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Why Did the Sunday Times Run A One-Sided Piece On The Occupation? Because There’s Only One Side


Crossposted on Tikkun Daily

By MJ Rosenberg

On Sunday, the New York Times ran an extraordinary magazine piece (it was the cover story) on West Bank Palestinians who are resisting the Israeli occupation through non-violence. For those who follow the issue closely, the extraordinary aspect of the piece was not so much anything author Ben Ehreneich revealed as it was that the article appeared in the New York Times at all.

You just don't expect to find this type of reporting on Israel in the Times which, ever conscious that it is the New York Times, is always cautious about its reportage on Israel. Most of its coverage is either extremely balanced ("the Palestinians say this, the Israeli government says that") or slavishly supportive of the Israeli line. (Columnists Tom Friedman and Nick Kristof both consistently deviate from the line, but they are columnists, influential columnists to be sure, but opinion columnists nonetheless).

Ehrenreich's piece neither adhered to the Israeli line nor was it balanced. It had a clear point of view: the occupation is a terrible thing that should not continue.

Does that make it biased? It would, if there was another side to the argument. But in the case of the occupation there isn't. Imagine Ehrenreich's counterpart on the right explaining that the 45-year occupation is a good thing which should continue forever.

Other than West Bank settlers and their supporters on the far right of the Israeli and American political spectrum, no one makes that case. The United States government is committed to the "two-state solution." Prime Minister Netanyahu has also endorsed it as has every Israeli prime minister since Yitzhak Rabin signed the Oslo agreement with Yasir Arafat. As for the lobby here in the United States, it too supports the two-state solution.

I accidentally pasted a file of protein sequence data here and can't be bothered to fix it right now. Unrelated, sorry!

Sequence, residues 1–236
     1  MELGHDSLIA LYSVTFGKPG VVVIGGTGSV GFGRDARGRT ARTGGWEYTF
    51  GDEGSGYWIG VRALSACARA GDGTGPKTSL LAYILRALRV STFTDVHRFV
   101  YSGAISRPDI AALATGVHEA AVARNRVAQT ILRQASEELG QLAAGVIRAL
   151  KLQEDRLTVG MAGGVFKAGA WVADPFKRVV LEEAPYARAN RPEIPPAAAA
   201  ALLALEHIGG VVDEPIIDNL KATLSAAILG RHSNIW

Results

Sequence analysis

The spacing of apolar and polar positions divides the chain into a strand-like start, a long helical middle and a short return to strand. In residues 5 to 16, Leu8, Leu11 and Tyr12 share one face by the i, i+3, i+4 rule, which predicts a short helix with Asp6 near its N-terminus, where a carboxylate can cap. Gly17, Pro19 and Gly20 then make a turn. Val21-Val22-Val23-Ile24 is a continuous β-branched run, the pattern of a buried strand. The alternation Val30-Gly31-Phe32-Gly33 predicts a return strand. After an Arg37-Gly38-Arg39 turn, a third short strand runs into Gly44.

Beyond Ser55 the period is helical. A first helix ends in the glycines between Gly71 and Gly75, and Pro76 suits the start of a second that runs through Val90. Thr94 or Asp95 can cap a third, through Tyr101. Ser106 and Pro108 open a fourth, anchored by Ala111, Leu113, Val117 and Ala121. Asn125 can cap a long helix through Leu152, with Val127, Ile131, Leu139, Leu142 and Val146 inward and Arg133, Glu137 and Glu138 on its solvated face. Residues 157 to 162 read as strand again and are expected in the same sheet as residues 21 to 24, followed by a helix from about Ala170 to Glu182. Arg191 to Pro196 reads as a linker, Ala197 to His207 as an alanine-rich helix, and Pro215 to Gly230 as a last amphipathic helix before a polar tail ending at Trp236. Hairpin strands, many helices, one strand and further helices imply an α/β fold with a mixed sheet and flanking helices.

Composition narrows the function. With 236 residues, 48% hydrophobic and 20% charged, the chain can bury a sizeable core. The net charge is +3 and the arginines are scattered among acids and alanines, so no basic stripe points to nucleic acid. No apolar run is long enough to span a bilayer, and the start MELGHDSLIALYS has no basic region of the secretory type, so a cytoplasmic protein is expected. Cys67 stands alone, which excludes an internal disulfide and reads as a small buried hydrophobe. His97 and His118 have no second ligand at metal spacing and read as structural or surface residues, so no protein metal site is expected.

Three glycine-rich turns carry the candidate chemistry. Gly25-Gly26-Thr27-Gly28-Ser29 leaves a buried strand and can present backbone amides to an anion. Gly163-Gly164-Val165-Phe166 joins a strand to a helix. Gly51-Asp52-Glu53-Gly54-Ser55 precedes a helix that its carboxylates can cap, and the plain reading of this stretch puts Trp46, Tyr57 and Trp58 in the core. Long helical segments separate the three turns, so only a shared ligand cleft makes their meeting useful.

It hardly needs to be said that endorsing the "two state solution," by definition, means opposing the occupation. After all, there is no place where a Palestinian state could be created other than the West Bank (including east Jerusalem) and Gaza. That is if you favor two states. The "one state solution" would include the land that is now Israel in a single state for all the people who live there. But that, obviously, is something different than the "two state" framework.

Of course, neither the Netanyahu government nor the lobby here really want the occupation to end. If they did, they would not, in the case of the Israeli government, keep expanding settlements or, in the case of pro-Israel organizations here, support Israel's right to do so. Nor would they use their influence to prevent any pressure from the United States on Israel to end the occupation. In short, both Israel and its lobby here nominally oppose the occupation while actually supporting it.

The reason they can't say they support occupation is the same reason that the New York Times will never run a major piece that takes the opposite point of view from Ehrenreich's. That is because in the year 2013, it is no longer possible to defend occupation and the denial of rights to the native people that goes along with it. Like defending colonialism or segregation, defending occupation is beyond the pale of civilized discourse.

And that is why hardly anyone defends it. It survives because those who favor it, do not engage on that issue directly, saying "of course, I oppose the occupation but...."

And it is the arguments that follows the "but" that allow an institution universally believed to be wrong to continue.

The words that invariably follow the "but" rarely, if ever, defend the occupation itself. Instead they attack the people whose land is being occupied, the Palestinians in particular and sometimes Muslims in general.

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